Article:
Kateri Tekakwitha (1656 – April 17, 1680), the daughter of a Mohawk warrior and a Christian Algonquin woman, was born in the Mohawk fortress of Ossernenon near present-day Auriesville, New York. At the age of 4 smallpox swept through Ossernenon, and Tekakwitha was left with unsightly scars and poor eyesight. The outbreak took the lives of her brother and both her parents. She was then adopted by her uncle, who was the chief of the Turtle-clan. As the adopted daughter of the chief, she was courted by many of the warriors looking for her hand in marriage. However, during this time she began taking interest in Christianity, which was taught to her by her mother.
In 1666, the Marquis Alexandre De Prouville de Tracy burned down Ossernenon. A new fort,Kahnawake, was built on the north side of the Mohawk River in what is now Fonda, New York. While living here, Tekakwitha was converted and baptized in 1676 by Father Jacques de Lamberville, a Jesuit. At her baptism, she took the name “Kateri”, a Mohawk pronunciation of “Catherine”. Unable to understand her zeal, members of the tribe often chastised her, which she took as a testament to her faith.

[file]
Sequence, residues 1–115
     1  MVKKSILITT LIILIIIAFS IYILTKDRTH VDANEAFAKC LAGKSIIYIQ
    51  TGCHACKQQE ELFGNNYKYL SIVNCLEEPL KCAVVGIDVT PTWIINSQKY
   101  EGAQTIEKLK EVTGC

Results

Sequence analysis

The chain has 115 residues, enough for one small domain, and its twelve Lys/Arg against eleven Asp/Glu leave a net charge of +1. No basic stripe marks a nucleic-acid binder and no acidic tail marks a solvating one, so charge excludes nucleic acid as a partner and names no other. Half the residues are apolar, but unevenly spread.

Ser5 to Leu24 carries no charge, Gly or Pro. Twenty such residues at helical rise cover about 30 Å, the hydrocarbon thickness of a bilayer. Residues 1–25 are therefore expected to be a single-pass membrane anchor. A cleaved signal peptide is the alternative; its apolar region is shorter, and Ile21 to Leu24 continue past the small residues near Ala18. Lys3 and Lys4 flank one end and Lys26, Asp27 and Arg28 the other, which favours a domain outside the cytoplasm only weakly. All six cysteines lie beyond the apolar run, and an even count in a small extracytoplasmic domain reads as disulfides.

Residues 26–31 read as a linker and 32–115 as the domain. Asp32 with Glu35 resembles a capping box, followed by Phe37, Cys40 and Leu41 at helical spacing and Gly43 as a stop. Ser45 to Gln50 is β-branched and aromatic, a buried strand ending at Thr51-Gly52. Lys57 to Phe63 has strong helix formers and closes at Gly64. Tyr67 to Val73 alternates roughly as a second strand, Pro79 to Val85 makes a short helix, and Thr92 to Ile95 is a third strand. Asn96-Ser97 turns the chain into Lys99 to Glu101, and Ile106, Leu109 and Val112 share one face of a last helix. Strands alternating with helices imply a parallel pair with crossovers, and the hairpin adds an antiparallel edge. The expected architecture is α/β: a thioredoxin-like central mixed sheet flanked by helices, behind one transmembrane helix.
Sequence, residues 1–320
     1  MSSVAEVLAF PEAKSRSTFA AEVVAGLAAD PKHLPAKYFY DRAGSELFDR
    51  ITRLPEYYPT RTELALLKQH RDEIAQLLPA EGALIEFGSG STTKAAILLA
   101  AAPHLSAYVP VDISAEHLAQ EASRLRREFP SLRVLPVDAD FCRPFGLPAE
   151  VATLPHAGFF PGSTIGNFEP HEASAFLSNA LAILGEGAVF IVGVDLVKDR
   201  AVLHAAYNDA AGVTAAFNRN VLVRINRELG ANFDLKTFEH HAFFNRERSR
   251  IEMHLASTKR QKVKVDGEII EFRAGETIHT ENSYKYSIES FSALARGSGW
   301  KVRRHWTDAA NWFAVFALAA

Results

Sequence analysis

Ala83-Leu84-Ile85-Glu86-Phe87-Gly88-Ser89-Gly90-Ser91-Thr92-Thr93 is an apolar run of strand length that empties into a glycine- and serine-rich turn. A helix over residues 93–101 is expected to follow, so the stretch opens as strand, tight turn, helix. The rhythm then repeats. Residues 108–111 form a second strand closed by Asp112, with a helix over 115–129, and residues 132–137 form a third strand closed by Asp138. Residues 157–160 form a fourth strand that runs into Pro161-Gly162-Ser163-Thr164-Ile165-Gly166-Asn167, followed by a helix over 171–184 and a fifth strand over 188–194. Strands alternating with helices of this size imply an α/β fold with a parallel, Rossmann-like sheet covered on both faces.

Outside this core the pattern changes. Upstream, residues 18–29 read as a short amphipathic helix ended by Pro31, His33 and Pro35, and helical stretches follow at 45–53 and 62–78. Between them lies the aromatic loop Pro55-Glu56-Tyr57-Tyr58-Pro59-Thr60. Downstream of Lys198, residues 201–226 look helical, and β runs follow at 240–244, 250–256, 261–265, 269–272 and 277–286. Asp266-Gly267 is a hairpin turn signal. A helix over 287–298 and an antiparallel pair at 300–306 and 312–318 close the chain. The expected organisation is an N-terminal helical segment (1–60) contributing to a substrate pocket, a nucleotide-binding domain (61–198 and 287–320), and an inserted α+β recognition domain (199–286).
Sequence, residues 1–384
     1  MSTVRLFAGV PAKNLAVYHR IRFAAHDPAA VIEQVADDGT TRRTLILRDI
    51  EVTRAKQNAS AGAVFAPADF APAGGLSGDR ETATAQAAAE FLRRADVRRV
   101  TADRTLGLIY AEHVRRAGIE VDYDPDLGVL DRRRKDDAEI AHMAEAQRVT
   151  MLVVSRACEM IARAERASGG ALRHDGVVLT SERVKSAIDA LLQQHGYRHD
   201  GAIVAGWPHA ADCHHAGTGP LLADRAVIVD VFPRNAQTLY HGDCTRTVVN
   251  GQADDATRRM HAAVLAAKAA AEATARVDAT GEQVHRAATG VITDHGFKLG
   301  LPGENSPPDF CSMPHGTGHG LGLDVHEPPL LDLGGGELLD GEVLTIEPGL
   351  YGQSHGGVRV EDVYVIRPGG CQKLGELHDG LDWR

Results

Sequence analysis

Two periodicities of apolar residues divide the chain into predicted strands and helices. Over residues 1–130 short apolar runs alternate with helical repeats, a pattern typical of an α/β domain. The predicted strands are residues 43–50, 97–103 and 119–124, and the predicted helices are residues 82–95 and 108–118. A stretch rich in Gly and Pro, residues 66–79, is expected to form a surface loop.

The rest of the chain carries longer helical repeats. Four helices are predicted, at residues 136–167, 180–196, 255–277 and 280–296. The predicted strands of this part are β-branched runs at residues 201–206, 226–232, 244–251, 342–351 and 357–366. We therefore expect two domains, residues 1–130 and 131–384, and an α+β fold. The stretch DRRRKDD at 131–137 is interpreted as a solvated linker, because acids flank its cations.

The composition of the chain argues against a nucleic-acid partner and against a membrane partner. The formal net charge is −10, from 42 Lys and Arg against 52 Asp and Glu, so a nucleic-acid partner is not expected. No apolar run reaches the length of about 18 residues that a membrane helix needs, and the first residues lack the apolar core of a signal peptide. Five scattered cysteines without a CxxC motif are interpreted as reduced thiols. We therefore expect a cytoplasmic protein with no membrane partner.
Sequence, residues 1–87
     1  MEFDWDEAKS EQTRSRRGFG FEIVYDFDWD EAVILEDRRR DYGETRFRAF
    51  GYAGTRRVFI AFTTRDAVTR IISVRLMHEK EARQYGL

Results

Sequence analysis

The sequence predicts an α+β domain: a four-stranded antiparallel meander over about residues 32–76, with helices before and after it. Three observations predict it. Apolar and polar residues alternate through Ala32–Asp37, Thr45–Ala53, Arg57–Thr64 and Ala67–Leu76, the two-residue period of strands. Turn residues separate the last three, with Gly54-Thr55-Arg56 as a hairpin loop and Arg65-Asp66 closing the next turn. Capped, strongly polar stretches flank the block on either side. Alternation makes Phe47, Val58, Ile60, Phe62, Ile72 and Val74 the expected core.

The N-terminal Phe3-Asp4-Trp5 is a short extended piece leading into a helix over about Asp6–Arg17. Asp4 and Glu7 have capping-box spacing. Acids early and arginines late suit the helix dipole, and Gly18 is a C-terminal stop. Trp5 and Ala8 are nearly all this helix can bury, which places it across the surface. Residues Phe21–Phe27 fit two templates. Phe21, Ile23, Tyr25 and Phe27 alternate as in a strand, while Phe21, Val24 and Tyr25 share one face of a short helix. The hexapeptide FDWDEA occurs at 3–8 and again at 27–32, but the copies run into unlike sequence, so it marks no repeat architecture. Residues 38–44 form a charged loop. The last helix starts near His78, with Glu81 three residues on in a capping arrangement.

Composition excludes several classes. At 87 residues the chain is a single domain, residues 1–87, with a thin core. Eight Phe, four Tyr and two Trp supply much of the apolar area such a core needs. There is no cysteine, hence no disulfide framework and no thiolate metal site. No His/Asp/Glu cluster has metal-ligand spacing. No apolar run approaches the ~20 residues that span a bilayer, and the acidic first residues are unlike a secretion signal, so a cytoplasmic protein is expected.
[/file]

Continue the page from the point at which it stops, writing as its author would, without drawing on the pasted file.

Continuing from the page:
Because she was persecuted by her Indian kin, which even resulted in threats on her life, she
moved to Kahnawake, Canada where she lived a life dedicated to prayer, penitential practices, and care for the sick and aged. In 1679, she took a vow of chastity. A year later, Kateri died at the age of 24.
She is called “The Lily of the Mohawks,” the “Mohawk Maiden,” the “Pure and Tender Lily,”